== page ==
Disabled
Stanza 1 wheeled chair Indirectly implies passivity, impotency, entrapment and inability. waiting for dark Suggests the passive action of waiting, probably signifies waiting for death/ waiting to die Mood created: gloomy, dark, negative, poignant and regretful shivered A strong and negative verb which embodies fear & weakness Ghastly suit of grey Again the colour scheme of the poem is dark & greyish, dull and lifeless Ghastly- terrifying, like an empty/ hollow shell Voices of boys, voices of play & pleasures Symbolize the fun & entertainment, the carefree life that he will never be able to experience again A nostalgic mood is created through the repetition of voiced Alliteration- play & pleasure, vibrant, energetic Despite dreadful injuries he takes pleasure from the boys playing Stanza 2 Used to Flashback/ nostalgic swing so gay Fun & youth, happy & joyful glow- lamps, budded and light- blue trees Vibrant, joyful, happy, energetic, youthful imagery Contrasted with the gloomy picture in the 1st stanza, further shows/ exphasises how negative & pessimistic man he is, because he cant enjoy this

girls , he will never feel again how slim girls waists are and how warm their subtle hands Again, nostalgically he sighs for the inability to enjoy womens company anymore. For a man, this almost means another kind of disability, a loss of masculinity Physical impairment and psychological impairment (Title: disabled) Final stabbing line: the girls touched him like some queer disease Alienation, isolation, lack of confidence, being marginalised, acknowledge Queer- gay, social displacement, in minority, lack of sense of belonging Stanza 3 Appearing to be aging, losing youth Lost his colour Description of his appearance his back will never brace Back injury, cant sit up straight, lack of confidence Symbolises physically and psychologically loss of pride & confidence Stanza 4 He was gifted footballer a blood- smear down his leg Injured in the match after the matches carried shoulder- high Wasnt scared of injuries, only through of glory and pride war wound Only in boys minds look a god in kilts Looking good in a soldiers uniform Attractive, appearance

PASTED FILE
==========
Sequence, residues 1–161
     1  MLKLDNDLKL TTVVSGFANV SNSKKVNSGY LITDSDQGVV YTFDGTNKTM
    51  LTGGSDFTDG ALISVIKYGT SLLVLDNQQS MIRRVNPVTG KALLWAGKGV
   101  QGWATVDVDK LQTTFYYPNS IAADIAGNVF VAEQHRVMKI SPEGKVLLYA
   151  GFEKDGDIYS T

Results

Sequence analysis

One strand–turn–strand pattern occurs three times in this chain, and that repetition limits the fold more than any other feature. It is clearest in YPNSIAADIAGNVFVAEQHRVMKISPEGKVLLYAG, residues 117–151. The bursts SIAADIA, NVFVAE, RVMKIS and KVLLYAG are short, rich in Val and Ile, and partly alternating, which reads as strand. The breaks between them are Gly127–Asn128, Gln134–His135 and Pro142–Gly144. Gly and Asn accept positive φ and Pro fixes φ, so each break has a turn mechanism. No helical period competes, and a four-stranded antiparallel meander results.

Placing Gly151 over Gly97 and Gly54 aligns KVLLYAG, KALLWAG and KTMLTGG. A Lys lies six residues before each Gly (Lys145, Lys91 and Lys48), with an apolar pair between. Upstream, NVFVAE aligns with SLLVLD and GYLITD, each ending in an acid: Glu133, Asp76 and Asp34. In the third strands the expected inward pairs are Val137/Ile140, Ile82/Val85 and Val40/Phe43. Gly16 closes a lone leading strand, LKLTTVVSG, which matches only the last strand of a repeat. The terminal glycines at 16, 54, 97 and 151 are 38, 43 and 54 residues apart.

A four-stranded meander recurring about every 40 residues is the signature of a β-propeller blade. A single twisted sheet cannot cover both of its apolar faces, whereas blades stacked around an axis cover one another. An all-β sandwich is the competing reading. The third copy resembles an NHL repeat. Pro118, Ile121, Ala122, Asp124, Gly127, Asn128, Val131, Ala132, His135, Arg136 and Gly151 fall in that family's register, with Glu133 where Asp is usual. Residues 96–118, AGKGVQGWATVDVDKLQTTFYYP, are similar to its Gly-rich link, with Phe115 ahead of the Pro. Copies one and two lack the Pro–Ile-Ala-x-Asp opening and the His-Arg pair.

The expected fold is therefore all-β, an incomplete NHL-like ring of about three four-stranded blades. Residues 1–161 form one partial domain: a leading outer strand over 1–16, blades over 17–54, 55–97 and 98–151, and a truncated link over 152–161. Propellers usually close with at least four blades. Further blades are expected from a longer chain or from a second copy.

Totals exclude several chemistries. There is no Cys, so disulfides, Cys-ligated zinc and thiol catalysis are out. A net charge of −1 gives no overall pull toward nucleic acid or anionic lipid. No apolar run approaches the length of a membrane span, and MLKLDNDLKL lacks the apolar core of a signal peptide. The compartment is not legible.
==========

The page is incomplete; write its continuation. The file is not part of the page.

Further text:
to please his Meg To woo women, thinking that women love men who go to the war he asked to join Active, voluntary Escprit de corps A feeling of pride in the group to which one belongs (french) To be a member, a part of the majority Herd instinct Fear of being different Stanza 5 his lie He was so eager, willing to lie about his age to enter the war Never thought of serious situation, the enemies, the danger and the fear The danger and fear is unknown jewelled hilts, daggers, smart salutes, drum and cheers All the superficial benefits or attractions of being a soldier Popularity, pride, the weapons and appearance, the image he got Unrealistic, illusion Stanza 6 only a solemn man, thanked him Not the welcoming that he wanted, expected Not glorious, not glamorous the man inquired about his soul Again enchoing his mental impairment Stanza 7 few sick years Intensifying the sadness and helplessness pity Passive and pathetic

noticed how the womens eye passed from him to the strong men that were whole Incomplete, important, traumatized, abnormal, empty, inferior, undesirable Girls view post- war soldier in horror or embarrassment he is imcomplete cold and late Atmosphere, mood Repetition of why dont they come and put him into bed Needy, babyish, suicidal, bleak, belitted Wants to end the torment temporarily Meeds mothering or wants to escape The repeated rhetorical question show how much he wished to get away from the sights and thoughts which have been troubling him end of day End of life